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Space station’s new robotic arm springs to life

Two spacewalkers at the International Space Station (ISS) activated the facility’s new robotic arm for the first time on Thursday, April 28.

Russian cosmonauts Oleg Artemyev and Denis Matveev concluded their spacewalk at  6:40 p.m. ET after 7 hours and 42 minutes outside the ISS, with much of that time spent working on the European Robotic Arm (ERA).

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The ERA arrived at the station in July last year but it remained covered with thermal blankets until Thursday.

NASA shared footage (below) of the two cosmonauts some 250 miles above Earth as they worked to release the robotic arm from its restraints ahead of its first workout.

The station's new robotic arm from @ESA has been released from its restraints on the Nauka module and is now in motion.

— International Space Station (@Space_Station) April 28, 2022

Getting to this stage has been a long time coming. The ERA was designed more than 30 years ago, and various technical issues over the last 20 years caused it to miss three planned missions to the ISS.

But now European Space Agency (ESA) engineers can finally celebrate the arm’s first activation in space.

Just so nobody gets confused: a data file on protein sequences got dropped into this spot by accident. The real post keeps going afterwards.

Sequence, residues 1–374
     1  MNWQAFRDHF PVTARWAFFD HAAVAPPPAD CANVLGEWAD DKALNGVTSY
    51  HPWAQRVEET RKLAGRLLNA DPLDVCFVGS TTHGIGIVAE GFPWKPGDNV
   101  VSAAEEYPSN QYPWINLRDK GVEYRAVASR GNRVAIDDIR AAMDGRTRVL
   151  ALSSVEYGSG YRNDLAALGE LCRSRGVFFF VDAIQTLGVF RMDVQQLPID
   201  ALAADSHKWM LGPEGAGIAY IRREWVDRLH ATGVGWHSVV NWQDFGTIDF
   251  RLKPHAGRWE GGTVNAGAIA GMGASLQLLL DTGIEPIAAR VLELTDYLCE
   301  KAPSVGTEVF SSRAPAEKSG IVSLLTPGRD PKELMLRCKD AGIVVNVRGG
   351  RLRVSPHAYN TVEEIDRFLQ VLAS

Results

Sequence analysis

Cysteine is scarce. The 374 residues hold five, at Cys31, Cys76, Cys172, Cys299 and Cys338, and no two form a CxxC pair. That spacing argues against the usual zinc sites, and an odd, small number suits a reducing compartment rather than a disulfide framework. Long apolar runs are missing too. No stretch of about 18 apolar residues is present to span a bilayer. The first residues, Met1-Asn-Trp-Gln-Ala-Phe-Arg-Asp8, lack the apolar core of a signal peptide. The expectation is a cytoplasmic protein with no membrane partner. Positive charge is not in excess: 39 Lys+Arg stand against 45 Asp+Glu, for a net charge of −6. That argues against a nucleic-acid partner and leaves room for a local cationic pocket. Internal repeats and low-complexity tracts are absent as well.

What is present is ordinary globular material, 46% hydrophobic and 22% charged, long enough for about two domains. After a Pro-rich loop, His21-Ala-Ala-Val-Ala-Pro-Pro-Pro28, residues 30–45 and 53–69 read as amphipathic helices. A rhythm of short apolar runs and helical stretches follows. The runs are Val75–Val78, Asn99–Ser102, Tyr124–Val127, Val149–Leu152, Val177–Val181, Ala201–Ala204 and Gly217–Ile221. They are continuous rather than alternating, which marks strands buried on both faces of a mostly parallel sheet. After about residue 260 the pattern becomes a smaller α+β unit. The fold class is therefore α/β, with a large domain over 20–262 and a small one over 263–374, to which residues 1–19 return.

The new robotic arm is about 11 meters long, weighs 1,390 pounds (630 kilograms), and includes seven joints that offer a high degree of maneuverability.

The ERA will be used mainly to install, remove, and replace experiment payloads and large components; transfer smaller payloads in and out of the station via the Russian airlock; transport spacewalkers from one part of the ISS to another “like a cherry-picker crane”; and monitor and inspect the exterior of the space station using its four cameras.

The new robot arm destined for the space station.

While the space station already has two operational robotic arms — Canada’s Canadarm2 and the Japanese Experiment Module Remote Manipulator System — the ERA is the first to be deployed outside the Russian section of the ISS, and so will give spacewalkers greater reach when conducting maintenance and upgrade work outside the facility.

Dubbed “the smart spacewalker,” the new arm is, according to ESA, “made for walking,” as it has the ability to move hand-over-hand between fixed base points.

“Moving hand-over-hand around the Russian parts of the station, the European Robotic Arm will bring more freedom, more flexibility, and more skills to space operations,” the agency said of its new ISS component.

Work to get the ERA fully operational will take five spacewalks in all. The first of these took place last week and involved the installation of a control panel. Thursday’s was the second and involved moving the arm for the first time in space, while the third spacewalk is currently set for May.

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